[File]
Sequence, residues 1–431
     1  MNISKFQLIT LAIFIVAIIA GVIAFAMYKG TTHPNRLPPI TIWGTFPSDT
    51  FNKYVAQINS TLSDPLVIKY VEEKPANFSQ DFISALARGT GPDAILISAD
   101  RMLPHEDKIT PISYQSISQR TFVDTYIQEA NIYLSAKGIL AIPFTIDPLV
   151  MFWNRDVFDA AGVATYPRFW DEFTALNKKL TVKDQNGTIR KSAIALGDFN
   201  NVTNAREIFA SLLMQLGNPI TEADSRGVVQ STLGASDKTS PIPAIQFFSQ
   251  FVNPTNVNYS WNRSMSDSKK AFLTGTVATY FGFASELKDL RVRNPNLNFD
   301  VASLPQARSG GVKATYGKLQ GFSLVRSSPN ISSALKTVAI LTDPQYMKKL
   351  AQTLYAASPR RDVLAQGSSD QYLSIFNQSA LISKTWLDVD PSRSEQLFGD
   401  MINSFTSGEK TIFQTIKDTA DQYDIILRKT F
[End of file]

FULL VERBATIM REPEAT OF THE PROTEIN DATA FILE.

Sequence, residues 1–431
     1  MNISKFQLIT LAIFIVAIIA GVIAFAMYKG TTHPNRLPPI TIWGTFPSDT
    51  FNKYVAQINS TLSDPLVIKY VEEKPANFSQ DFISALARGT GPDAILISAD
   101  RMLPHEDKIT PISYQSISQR TFVDTYIQEA NIYLSAKGIL AIPFTIDPLV
   151  MFWNRDVFDA AGVATYPRFW DEFTALNKKL TVKDQNGTIR KSAIALGDFN
   201  NVTNAREIFA SLLMQLGNPI TEADSRGVVQ STLGASDKTS PIPAIQFFSQ
   251  FVNPTNVNYS WNRSMSDSKK AFLTGTVATY FGFASELKDL RVRNPNLNFD
   301  VASLPQARSG GVKATYGKLQ GFSLVRSSPN ISSALKTVAI LTDPQYMKKL
   351  AQTLYAASPR RDVLAQGSSD QYLSIFNQSA LISKTWLDVD PSRSEQLFGD
   401  MINSFTSGEK TIFQTIKDTA DQYDIILRKT F